The life of Keats provides a unique opportunity for the study of literary greatness and of what permits or encourages its development. Its interest is deeply human and moral, in the most capacious sense of the words. In this authoritative biography—the first full-length life of Keats in almost forty years—the man and the poet are portrayed with rare insight and sympathy. In spite of a scarcity of factual data for his early years, the materials for Keats’s life are nevertheless unusually full. Since most of his early poetry has survived, his artistic development can be observed more closely than is possible with most writers; and there are times during the period of his greatest creativity when his personal as well as his artistic life can be followed week by week.
The development of Keats’s poetic craftsmanship proceeds simultaneously with the steady growth of qualities of mind and character. Walter Jackson Bate has been concerned to show the organic relationship between the poet’s art and his larger, more broadly humane development. Keats’s great personal appeal—his spontaneity, vigor, playfulness, and affection—are movingly recreated; at the same time, his valiant attempt to solve the problem faced by all modern poets when they attempt to achieve originality and amplitude in the presence of their great artistic heritage is perceptively presented.
In discussing this matter, Mr. Bate says, “The pressure of this anxiety and the variety of reactions to it constitute one of the great unexplored factors in the history of the arts since 1750. And in no major poet, near the beginning of the modern era, is this problem met more directly than it is in Keats. The way in which Keats was somehow able, after the age of twenty-two, to confront this dilemma, and to transcend it, has fascinated every major poet who has used the English language since Keats’s death and also every major critic since the Victorian era.”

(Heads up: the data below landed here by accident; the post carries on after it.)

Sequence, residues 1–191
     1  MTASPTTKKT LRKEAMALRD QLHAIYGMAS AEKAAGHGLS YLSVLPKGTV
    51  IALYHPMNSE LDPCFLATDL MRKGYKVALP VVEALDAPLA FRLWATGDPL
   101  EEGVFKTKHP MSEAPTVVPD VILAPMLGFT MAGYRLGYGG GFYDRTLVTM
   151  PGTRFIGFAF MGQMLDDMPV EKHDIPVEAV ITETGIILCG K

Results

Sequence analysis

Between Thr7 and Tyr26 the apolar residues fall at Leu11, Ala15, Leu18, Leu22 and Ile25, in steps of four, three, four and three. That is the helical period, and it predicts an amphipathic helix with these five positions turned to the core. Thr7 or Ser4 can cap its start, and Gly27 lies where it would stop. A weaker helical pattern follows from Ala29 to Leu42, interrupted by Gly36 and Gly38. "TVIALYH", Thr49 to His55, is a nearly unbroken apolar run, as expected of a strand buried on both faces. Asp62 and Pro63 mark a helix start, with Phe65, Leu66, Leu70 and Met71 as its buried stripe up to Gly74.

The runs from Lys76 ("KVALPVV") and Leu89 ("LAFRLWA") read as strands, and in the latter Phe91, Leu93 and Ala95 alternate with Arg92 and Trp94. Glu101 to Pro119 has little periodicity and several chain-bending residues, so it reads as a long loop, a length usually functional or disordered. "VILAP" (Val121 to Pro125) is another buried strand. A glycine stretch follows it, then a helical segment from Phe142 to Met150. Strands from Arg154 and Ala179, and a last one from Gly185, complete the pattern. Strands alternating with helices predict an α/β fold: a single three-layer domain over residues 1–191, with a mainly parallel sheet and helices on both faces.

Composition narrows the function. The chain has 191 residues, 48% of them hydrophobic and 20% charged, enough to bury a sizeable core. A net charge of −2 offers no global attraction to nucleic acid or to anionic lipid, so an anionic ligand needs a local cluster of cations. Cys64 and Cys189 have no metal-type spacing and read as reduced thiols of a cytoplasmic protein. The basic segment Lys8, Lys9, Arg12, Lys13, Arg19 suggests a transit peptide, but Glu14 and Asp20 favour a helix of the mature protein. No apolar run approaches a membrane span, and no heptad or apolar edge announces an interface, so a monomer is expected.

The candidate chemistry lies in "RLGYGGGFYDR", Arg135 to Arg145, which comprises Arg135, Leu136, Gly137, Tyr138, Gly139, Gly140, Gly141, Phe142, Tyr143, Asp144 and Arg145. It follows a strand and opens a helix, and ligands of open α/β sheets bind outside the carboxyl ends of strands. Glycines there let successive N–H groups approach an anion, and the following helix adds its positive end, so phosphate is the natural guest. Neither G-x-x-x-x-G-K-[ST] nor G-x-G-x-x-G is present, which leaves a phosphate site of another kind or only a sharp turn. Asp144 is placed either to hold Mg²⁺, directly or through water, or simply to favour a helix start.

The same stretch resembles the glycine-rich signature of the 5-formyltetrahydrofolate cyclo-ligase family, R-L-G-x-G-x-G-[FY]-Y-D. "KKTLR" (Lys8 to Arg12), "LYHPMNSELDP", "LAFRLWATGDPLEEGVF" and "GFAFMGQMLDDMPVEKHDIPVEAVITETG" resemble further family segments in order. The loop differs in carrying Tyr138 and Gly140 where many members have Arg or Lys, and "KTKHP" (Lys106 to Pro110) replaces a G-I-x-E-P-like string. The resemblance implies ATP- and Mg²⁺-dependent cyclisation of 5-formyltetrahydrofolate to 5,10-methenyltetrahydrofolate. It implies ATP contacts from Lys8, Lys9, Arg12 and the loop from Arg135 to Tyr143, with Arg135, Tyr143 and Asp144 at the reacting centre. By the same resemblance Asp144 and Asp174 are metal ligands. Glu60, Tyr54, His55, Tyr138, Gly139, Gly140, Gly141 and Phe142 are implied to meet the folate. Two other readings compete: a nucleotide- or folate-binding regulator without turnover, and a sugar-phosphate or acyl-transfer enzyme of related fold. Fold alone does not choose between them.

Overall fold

Mr. Bate has availed himself of all new biographical materials, published and unpublished, and has used them selectively and without ostentation, concentrating on the things that were meaningful to Keats. Similarly, his discussions of the poetry are not buried beneath the controversies of previous critics. He approaches the poems freshly and directly, showing their relation to Keats’s experience and emotions, to premises and values already explored in the biographical narrative. The result is a book of many dimensions, not a restricted critical or biographical study but a fully integrated whole.
Mr. Bate has a great story to tell, a story far greater than any predecessor has discovered, for he has made himself completely informed on everything that pertains to Keats—as completely, it would seem, as Keats himself was. All the many persons who come into the story are seen steadily and whole, with sympathy as well as with a wise impartiality. But all this is subordinate to the main theme—the events of Keats’s mental life in all their glowing intensity. That mental life was expressed in letters and poems, and Mr. Bate has written not only the best biography of Keats but the best criticism of his writings. The moment was ripe for a culminating book on Keats and the moment has found the man.
- 780 pages
- Belknap Press
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